However, due to the complexity of learning the APIs, as well as the technologies such as COM interfaces, it’s not an easy task for developers to create and embed Webcam SDK into their web applications. There are two options to simplify the whole process:

  • Use a third-party plug-in/add-on to access and control the webcams, such as Dynamic Webcam SDK, Flash, Silverlight, etc.
  • Adopt the new technology – HTML5.

I will talk more about the second option in this article.

Webcam devices will be supported by the new video element and the getUserMedia API in HTML5. This means we can capture video streams and images from Webcam devices with just a few lines of JavaScript & HTML code, and the end users do not need to install anything for the browsers.

Information you need to know:

  • HTML5 is not released yet. So this article is for early experimentations and it is not recommended to use the code snippet in the article for actual implementations.
  • Currently only the following browsers support getUserMedia and WebGL:
    • Google Chrome (Version 21 and above) – Recommended for testing.
    • Firefox (Nightly Build, version 17 and above)
    • Opera (Version 12 and above, need to enable WebGL in opera:config)

Access the Webcam

Thanks to Wes Bos. He posted a wonderful article on how to access the Webcam. If you are new to HTML5, I suggest you read this article first (you can skip the content for ccv and scripts.js).

Basically, there are 2 steps:

1. Getting the Webcam stream

We use the getUserMedia API to get the stream

navigator.getUserMedia_ = navigator.getUserMedia || navigator.webkitGetUserMedia || navigator.mozGetUserMedia || navigator.msGetUserMedia; //Get the API according to the browser.navigator.getUserMedia_({ video: true, audio: false }, success, error);

Unfortunately, different browsers have different names for the getUserMedia API. So we have to check and pick the correct one in the first step.

When we call the API, video:true indicates that we want video access and audio:false indicates that we don’t want audio. Error function will be called when the stream is not accessible.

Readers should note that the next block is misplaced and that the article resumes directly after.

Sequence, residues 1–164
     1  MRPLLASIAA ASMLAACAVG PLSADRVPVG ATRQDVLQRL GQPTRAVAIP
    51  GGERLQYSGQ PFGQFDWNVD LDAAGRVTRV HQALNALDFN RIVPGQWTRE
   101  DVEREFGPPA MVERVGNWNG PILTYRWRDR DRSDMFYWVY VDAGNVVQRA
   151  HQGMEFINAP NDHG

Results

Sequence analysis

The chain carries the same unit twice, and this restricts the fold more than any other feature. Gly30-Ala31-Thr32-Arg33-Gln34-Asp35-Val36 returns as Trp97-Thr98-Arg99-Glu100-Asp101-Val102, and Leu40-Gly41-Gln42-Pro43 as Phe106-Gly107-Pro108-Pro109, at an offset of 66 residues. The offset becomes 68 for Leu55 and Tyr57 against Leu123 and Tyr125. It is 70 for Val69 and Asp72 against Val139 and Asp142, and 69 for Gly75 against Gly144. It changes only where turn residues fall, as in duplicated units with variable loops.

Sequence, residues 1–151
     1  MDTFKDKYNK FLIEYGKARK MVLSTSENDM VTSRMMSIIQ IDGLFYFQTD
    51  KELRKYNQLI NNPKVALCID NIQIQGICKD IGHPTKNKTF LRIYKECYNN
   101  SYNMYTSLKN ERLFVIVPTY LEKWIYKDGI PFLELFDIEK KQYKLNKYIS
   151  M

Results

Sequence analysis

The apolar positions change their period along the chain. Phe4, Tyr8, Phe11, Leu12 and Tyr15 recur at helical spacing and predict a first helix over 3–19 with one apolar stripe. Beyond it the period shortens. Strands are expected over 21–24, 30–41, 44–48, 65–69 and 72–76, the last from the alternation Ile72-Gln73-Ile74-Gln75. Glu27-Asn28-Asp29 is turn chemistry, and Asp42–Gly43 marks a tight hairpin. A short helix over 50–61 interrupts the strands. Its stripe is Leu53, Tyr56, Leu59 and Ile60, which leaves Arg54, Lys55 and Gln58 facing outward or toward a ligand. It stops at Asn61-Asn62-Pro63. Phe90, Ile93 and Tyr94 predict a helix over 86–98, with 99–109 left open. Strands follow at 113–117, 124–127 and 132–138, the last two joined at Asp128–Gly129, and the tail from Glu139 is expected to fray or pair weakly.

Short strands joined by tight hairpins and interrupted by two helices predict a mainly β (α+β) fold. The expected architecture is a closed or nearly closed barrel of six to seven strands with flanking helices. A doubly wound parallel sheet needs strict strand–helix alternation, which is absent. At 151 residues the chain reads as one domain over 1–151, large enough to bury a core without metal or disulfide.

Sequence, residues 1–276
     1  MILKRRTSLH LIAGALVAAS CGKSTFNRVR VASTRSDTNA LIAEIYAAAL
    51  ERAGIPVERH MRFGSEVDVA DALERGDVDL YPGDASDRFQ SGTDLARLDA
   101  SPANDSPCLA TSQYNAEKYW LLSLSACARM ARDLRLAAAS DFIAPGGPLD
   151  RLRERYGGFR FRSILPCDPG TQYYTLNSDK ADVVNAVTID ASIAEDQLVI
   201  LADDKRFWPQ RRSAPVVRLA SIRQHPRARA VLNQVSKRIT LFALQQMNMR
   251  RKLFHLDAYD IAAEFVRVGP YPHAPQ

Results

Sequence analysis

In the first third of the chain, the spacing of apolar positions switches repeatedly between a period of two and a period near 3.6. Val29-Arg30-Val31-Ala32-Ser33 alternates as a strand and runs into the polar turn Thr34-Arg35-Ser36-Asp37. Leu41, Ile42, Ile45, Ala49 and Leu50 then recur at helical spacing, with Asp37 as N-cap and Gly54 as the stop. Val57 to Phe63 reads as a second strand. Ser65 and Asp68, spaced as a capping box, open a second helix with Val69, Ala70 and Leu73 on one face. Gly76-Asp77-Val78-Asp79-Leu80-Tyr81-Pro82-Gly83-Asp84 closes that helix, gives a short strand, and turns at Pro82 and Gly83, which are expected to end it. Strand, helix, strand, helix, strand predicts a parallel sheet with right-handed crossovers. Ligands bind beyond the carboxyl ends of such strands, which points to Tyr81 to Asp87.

Success is the function to receive the stream:

function success(stream) {
var domURL = window.URL || window.webkitURL;
//start streaming via the video element
document.getElementById(‘myVideo’).src =
domURL ? domURL.createObjectURL(stream) : stream;
}

When you access the page, the browser will ask for the permission to use your webcam. If you click Deny, the web application cannot access the Webcam and it will trigger the error function.

html5webcam

2. Output to canvas

We have the video stream for the Webcam and now we can output the images to canvas element.

var video = document.getElementById(‘myVideo’);
var canvas = document.getElementById(‘myCanvas’);
var ctx = canvas.getContext(‘2d’);
ctx.drawImage(video, 0, 0, canvas.width, canvas.height);

In the above code, we only capture an image from the video and draw on the canvas. So the question will be: how can we output the video? Well, you can set an interval and draw the image every few milliseconds, or, you can use the requestAnimationFrame API to perform an animation from the browser level. (You will find the sample in the attached source code).

Annotation

Annotation is always important for image processing. We can use it to mark or highlight some important information, add some notes, hide certain area, etc… If you have checked the face detection demo from Wes Bos, you will find it also useful for entertainment J

Since we have the canvas object, we can actually use the context of the canvas object to draw lines, arc, text or image on the canvas. It is pretty much just a simple annotation design (we won’t discuss the advanced annotation functions in this article).

For example, let’s draw a text on the video:

var canvas = document.getElementById(‘myCanvas’);
var ctx = canvas.getContext(‘2d’);
ctx.font = “10px sans-serif”;
ctx.strokeText(“Hello World”, 0, 0); //output the text to (0,0)

Note: this code should be added into the repaint loop. Otherwise the text will be lost in the next repaint operation.

You can find a complete annotation sample in the source code .

Capture and save image from Webcam

Canvas object offers a method to save the current display to an image element. This allows us to capture and save both the image and the annotations.

var img = canvas.toDataURL(“image/png”);
window.open(img, “_blank”);

You can open a new window to display and save the captured image, or you can use the img element to hold the image.

A complete sample for Webcam and annotation with HTML5

Please test the web page as a web application (place the page in IIS/Apache/Tomcat/etc… and access the page via HTTP address). If you just double click the HTML file and run it from local file system, the browser will not be able to access the webcam resources.

Google Chrome Version 21 and above is recommended for the testing.

Download sample (source code included)

Conclusion:

HTML5 provides a simple way for developers to create a webcam SDK. As you can see from the sample, we can easily enable our applications to interact with the webcams. However, this method also brings up some questions:

  1. Compatibility with the browsers.
  2. Security (since the app will access device directly)

Please let me know if you have the same concerns. Any comments are welcome.